After cork bark is plugged by the wine industry, it can be fashioned into a durable, high-density slab called Suberra by the folks at the Eco Supply Center in Richmond, Virginia. They compress post-industrial recycled cork grain with a polyurethane binder to create 1-1/4″ composite slabs that are 25-1/2″ wide by 36-1/2″ long.
I’ve always loved recycled paper countertops and recently noticed ShetkaStone from All Paper Recycling. SketkaStone is made with old paper and can be used in countertops, vanities, sills, and moldings. It will also hold up to use; the manufacturer told me in an email that no other similar product on the market “can match our durability.”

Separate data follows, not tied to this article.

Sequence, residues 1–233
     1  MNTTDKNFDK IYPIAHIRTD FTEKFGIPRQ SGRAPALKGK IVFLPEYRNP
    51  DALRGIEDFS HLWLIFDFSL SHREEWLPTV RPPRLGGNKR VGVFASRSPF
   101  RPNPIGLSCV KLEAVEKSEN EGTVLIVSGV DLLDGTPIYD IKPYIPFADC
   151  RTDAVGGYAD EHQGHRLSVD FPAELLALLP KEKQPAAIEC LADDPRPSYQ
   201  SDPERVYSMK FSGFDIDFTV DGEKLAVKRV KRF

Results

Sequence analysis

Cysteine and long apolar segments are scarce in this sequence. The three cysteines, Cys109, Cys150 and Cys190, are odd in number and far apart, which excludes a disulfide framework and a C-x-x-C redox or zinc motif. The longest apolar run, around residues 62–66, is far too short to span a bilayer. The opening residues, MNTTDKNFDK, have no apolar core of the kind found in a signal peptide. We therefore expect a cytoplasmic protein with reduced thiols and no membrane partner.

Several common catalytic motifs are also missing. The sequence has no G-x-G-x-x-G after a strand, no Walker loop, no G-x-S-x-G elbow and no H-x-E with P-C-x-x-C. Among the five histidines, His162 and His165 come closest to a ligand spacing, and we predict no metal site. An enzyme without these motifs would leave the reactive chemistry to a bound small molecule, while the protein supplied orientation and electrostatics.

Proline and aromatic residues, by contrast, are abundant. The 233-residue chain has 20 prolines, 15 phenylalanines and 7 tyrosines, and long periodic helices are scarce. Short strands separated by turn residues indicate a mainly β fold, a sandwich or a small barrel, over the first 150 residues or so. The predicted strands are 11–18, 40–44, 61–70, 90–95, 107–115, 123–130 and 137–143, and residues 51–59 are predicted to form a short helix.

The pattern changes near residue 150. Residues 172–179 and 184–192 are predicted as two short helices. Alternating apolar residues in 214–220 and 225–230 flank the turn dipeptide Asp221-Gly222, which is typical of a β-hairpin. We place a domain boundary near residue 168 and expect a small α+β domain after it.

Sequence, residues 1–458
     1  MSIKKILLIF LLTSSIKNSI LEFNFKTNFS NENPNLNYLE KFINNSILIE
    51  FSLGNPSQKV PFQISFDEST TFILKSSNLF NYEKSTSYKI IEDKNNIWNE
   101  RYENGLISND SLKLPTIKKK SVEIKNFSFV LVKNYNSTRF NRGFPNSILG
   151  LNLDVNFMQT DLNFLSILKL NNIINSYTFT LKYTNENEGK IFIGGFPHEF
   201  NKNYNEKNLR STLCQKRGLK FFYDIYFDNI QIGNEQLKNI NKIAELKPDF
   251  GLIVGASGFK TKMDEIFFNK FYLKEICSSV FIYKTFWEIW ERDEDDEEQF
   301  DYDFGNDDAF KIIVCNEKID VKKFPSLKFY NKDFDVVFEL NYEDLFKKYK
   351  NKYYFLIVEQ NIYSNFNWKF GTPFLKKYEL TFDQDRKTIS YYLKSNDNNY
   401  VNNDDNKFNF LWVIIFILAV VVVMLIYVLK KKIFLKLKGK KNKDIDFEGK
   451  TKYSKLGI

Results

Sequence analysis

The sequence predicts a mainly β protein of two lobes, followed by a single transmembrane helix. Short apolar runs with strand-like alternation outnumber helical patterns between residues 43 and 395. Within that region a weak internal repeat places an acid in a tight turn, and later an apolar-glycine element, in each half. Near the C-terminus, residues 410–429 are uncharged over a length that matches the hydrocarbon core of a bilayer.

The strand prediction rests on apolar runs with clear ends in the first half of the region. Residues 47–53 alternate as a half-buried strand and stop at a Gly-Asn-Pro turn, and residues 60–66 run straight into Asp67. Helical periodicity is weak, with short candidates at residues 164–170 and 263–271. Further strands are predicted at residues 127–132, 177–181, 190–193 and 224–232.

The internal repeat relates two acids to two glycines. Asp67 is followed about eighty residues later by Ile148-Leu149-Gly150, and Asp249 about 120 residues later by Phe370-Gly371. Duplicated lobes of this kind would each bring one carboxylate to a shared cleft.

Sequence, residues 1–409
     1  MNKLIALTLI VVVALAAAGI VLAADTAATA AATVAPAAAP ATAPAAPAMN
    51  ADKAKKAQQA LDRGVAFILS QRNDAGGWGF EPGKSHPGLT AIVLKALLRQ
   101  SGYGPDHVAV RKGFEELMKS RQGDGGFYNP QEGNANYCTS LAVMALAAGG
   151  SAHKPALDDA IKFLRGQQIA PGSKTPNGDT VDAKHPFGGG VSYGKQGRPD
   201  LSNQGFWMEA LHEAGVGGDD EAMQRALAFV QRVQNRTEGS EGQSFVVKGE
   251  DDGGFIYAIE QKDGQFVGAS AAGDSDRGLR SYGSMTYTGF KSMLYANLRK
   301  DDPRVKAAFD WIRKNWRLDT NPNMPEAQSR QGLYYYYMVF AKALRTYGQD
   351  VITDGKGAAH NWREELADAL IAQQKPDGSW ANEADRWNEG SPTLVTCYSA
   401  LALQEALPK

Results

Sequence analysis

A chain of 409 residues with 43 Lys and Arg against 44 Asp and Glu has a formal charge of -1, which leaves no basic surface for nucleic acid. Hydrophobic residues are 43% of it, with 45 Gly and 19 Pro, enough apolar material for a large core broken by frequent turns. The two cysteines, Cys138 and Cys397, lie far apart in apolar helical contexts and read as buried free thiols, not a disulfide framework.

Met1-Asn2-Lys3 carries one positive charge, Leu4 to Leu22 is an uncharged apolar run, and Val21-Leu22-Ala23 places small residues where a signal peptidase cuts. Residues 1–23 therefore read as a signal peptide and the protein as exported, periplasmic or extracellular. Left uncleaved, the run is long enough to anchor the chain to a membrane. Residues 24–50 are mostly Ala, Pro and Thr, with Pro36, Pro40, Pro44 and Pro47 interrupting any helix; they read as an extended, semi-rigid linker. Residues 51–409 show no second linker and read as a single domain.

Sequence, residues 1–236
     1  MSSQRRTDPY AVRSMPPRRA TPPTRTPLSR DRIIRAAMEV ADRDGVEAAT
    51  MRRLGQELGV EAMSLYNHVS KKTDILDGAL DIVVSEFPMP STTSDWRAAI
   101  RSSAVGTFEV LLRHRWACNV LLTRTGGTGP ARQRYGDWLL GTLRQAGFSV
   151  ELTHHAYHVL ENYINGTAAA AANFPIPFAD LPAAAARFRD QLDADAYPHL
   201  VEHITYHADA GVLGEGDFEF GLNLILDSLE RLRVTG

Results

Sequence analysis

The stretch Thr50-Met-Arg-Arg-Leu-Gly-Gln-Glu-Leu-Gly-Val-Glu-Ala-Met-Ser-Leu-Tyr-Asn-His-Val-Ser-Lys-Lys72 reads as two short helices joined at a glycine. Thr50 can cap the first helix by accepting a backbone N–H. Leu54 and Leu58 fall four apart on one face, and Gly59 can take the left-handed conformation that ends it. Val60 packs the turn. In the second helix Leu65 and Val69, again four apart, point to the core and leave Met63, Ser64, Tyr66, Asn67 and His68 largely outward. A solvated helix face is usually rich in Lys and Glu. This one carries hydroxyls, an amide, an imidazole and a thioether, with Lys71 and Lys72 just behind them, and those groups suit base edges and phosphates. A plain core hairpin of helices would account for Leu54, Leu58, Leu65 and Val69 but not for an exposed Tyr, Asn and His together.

I first noticed NovuStone at 1105 Dwell, a green development in Seattle. NovuStone is a green surface material made with about 75% recycled content, of which 100% can be post-consumer recycled glass. It’s fabricated in Seattle of locally-sourced materials without steam or pressure curing and available in a variety of sizes and colors.